Yeah, a lot of servers would hate this plan, because the whole point of working as waiters is to make more than minimum. My daughter's boyfriend can clear more on a good night as a waiter at a standard chain restaurant than I can in a day as a senior data analyst. He doesn't want to be freed of the yoke of tips so he can make minimum wage.

    "Just stop tipping" is not the One Weird Trick you think it is.

    ElJeffe on
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    SmokeStacksSmokeStacks Registered User regular
    I think someone in SE++ the other day was talking about how some landlords are expecting tips these days.

    My "tip" to the landlord is not returning to the residence and burning it down after I move out when they try to keep a massive chunk of my security deposit with frivolous charges even though I was an exceptional tenant, damaged nothing, and left the place so clean you could build semiconductors inside.

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    mcdermottmcdermott Registered User regular
    I guess maybe we can start demand every employee post their previous-year W2 next to the register (with PII redacted), so we can make an informed decision based on their pay compared to our own whether or not it's worth handing them money not owed. You know, like making the homeless guy with a cup prove he's homeless before you chip a quarter in.

    Or we can do away with the whole barbaric practice, and work from there.

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    DoodmannDoodmann Registered User regular
    edited March 2023
    I tip whenever there's a jar to do so, kinda seems like if it's there they probably need it. Now if the bank starts putting out a jar I'll probably think twice

    Your blinders are impressive here.

    Doodmann on
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    Jealous DevaJealous Deva Registered User regular
    edited March 2023
    I think someone in SE++ the other day was talking about how some landlords are expecting tips these days.

    The spreading of tip expectation to weird, nonrelated fields is bullshit, especially when they are owner operated jobs.

    Yeah buddy, I am sorry that you don’t think the $250 for taking prom photos that you yourself put in the ad is enough, but I ain’t giving you another 75 dollars just because you have it as the default on your square app.


    I honestly feel that tipping is a lot like Hallmark holidays. Its stupid bullshit but I’m not going to be the asshole that makes someone feel ripped off or miss getting paid just because of some societal shit they don’t have any control over.

    I tip well for servers just for personal reasons because of people I have known, I always see the divorced single mother or the nursing student who was a server at night because she didn’t have support from home and spent all her loan money on tuition.

    Jealous Deva on
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    mcdermottmcdermott Registered User regular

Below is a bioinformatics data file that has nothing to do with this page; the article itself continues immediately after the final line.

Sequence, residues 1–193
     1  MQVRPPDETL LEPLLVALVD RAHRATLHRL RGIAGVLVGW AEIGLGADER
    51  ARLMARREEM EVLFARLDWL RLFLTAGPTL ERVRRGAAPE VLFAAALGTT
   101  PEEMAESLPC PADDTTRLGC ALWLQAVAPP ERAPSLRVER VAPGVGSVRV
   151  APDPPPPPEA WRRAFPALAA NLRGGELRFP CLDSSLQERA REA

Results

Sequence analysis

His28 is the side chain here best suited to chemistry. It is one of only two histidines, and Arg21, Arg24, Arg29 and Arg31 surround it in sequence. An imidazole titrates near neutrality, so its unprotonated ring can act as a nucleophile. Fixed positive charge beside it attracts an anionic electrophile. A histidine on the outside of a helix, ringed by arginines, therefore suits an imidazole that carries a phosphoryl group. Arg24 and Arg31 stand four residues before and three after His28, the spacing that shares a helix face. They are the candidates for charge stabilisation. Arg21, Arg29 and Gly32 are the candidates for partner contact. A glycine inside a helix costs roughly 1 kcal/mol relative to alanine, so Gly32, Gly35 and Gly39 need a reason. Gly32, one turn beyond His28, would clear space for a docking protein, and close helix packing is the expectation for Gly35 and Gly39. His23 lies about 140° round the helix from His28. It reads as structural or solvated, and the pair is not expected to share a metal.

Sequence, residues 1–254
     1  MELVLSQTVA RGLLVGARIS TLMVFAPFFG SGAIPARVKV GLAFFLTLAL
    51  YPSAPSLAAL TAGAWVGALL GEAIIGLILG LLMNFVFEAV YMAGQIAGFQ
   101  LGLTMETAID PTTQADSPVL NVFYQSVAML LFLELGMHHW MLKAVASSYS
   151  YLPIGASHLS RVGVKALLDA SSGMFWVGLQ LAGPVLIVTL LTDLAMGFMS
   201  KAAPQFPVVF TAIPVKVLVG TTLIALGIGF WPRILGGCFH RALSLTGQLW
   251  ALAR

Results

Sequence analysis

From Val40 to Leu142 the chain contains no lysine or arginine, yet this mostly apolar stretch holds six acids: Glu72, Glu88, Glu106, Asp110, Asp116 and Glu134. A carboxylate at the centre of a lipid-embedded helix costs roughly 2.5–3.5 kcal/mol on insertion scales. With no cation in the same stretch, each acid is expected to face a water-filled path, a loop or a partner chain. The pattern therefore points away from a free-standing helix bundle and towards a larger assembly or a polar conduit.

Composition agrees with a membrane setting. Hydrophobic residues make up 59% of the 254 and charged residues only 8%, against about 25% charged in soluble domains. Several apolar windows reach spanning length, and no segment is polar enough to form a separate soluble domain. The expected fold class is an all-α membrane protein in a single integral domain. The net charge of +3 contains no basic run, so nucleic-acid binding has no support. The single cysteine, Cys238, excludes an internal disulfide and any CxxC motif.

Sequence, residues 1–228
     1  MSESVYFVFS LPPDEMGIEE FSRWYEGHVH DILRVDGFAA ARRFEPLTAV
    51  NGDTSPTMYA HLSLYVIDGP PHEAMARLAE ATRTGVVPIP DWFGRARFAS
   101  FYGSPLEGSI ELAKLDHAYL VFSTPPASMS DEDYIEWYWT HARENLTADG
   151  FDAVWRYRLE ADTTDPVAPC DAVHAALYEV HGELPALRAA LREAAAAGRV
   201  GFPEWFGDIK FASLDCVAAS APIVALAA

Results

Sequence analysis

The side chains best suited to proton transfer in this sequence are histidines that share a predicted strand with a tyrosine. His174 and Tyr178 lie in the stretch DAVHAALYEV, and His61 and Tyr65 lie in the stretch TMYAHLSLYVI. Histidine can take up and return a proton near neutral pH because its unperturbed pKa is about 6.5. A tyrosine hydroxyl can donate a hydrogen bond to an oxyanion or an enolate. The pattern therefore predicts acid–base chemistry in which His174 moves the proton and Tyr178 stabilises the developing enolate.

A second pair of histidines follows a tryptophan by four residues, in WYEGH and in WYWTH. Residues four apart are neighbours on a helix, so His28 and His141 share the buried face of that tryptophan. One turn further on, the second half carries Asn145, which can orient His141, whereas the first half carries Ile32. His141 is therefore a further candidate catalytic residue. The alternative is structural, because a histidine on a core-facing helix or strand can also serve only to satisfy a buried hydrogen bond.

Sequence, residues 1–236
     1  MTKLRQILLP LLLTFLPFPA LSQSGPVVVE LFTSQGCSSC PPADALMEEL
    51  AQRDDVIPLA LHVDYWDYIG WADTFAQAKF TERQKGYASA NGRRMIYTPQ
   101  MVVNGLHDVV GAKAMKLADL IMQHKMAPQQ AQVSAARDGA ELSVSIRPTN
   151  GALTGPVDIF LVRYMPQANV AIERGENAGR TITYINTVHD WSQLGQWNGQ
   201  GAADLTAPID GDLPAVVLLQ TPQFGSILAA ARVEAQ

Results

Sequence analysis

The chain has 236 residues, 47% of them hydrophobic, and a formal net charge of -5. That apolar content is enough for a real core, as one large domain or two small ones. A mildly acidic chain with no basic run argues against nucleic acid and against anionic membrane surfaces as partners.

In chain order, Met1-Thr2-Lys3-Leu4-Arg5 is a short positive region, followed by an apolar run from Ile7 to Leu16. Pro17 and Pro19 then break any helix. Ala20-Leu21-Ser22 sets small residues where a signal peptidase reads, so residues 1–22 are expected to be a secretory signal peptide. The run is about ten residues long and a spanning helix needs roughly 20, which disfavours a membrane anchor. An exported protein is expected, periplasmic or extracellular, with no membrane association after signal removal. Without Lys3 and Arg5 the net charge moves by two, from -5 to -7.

edited March 2023
    Doodmann wrote: »
    I tip whenever there's a jar to do so, kinda seems like if it's there they probably need it. Now if the bank starts putting out a jar I'll probably think twice

    Your blinders are impressive here.

    Yeah I mean even Cheesecake Factory level servers where I live are probably making more than a lot of bank tellers. It's why tipping is such an arbitrary and stupid way to address service sector pay.
    ElJeffe wrote: »
    Yeah, a lot of servers would hate this plan, because the whole point of working as waiters is to make more than minimum. My daughter's boyfriend can clear more on a good night as a waiter at a standard chain restaurant than I can in a day as a senior data analyst. He doesn't want to be freed of the yoke of tips so he can make minimum wage.

    "Just stop tipping" is not the One Weird Trick you think it is.

    So to be clear, I don't want to eliminate tipping because I think it will help servers. I want to eliminate tipping because I think it's an awful practice. Fixing pay for both tipped and untipped service workers is an entirely separate issue that we would still need to address, just as we do today.

    EDIT: And a server making more than a senior data analyst (or, as I've seen before, a teacher with a masters degree) is not an argument in favor of tipping as a practice.

    mcdermott on
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    MalReynoldsMalReynolds The Hunter S Thompson of incredibly mild medicines Registered User regular
    My stance on tipping is always, even with carryout. I try to tip at least 30% regardless, more if I have the money. I only tip in store if my presence is causing more stress [ie; one person working, line out the door] since that's pretty miserable and has nothing to do with anything they have control over.

    I always figured everyone was in the same relative boat and we have a responsibility to each other. I'm deliberately not saying that people that don't do this are wrong. But if I want to see a better world. I've wanted to see a better world since I was 10. And no one really seems to do much of anything, but everyone also generally seems to want that too, so I do what I can where I can, and I don't make excuses for why I don't do something since it's all conditional anyway and I take my own action on a case by case basis.

    Anyways, just dropping my 0.02 in [not a tip, just the ante for reading].